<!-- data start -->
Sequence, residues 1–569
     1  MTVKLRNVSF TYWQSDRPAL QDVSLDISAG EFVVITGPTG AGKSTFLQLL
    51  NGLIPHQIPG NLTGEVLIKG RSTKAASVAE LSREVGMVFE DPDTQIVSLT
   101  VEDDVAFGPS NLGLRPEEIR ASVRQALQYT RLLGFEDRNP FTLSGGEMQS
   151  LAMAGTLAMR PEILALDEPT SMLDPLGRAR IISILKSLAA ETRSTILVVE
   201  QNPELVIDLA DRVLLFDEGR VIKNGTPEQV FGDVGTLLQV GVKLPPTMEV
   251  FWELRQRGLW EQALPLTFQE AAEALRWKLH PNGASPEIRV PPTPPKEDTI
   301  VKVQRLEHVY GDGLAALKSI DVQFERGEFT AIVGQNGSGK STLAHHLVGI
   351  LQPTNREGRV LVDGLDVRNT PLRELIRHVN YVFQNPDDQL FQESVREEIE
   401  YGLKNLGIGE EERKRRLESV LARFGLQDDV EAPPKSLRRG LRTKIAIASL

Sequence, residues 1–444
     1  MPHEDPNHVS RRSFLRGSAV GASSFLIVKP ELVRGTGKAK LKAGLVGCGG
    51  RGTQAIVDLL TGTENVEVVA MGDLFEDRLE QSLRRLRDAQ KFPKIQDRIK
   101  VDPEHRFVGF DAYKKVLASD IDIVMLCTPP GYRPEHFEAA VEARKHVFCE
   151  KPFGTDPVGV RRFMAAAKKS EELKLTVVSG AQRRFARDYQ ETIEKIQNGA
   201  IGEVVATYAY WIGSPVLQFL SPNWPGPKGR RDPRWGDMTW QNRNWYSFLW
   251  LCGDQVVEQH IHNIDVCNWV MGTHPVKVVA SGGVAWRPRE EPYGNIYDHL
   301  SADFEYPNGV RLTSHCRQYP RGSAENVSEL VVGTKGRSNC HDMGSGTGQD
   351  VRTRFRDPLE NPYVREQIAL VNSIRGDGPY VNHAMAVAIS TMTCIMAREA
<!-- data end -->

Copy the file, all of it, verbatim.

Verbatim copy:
Sequence, residues 1–569
     1  MTVKLRNVSF TYWQSDRPAL QDVSLDISAG EFVVITGPTG AGKSTFLQLL
    51  NGLIPHQIPG NLTGEVLIKG RSTKAASVAE LSREVGMVFE DPDTQIVSLT
   101  VEDDVAFGPS NLGLRPEEIR ASVRQALQYT RLLGFEDRNP FTLSGGEMQS
   151  LAMAGTLAMR PEILALDEPT SMLDPLGRAR IISILKSLAA ETRSTILVVE
   201  QNPELVIDLA DRVLLFDEGR VIKNGTPEQV FGDVGTLLQV GVKLPPTMEV
   251  FWELRQRGLW EQALPLTFQE AAEALRWKLH PNGASPEIRV PPTPPKEDTI
   301  VKVQRLEHVY GDGLAALKSI DVQFERGEFT AIVGQNGSGK STLAHHLVGI
   351  LQPTNREGRV LVDGLDVRNT PLRELIRHVN YVFQNPDDQL FQESVREEIE
   401  YGLKNLGIGE EERKRRLESV LARFGLQDDV EAPPKSLRRG LRTKIAIASL

Sequence, residues 1–444
     1  MPHEDPNHVS RRSFLRGSAV GASSFLIVKP ELVRGTGKAK LKAGLVGCGG
    51  RGTQAIVDLL TGTENVEVVA MGDLFEDRLE QSLRRLRDAQ KFPKIQDRIK
   101  VDPEHRFVGF DAYKKVLASD IDIVMLCTPP GYRPEHFEAA VEARKHVFCE
   151  KPFGTDPVGV RRFMAAAKKS EELKLTVVSG AQRRFARDYQ ETIEKIQNGA
   201  IGEVVATYAY WIGSPVLQFL SPNWPGPKGR RDPRWGDMTW QNRNWYSFLW
   251  LCGDQVVEQH IHNIDVCNWV MGTHPVKVVA SGGVAWRPRE EPYGNIYDHL
   301  SADFEYPNGV RLTSHCRQYP RGSAENVSEL VVGTKGRSNC HDMGSGTGQD
   351  VRTRFRDPLE NPYVREQIAL VNSIRGDGPY VNHAMAVAIS TMTCIMAREA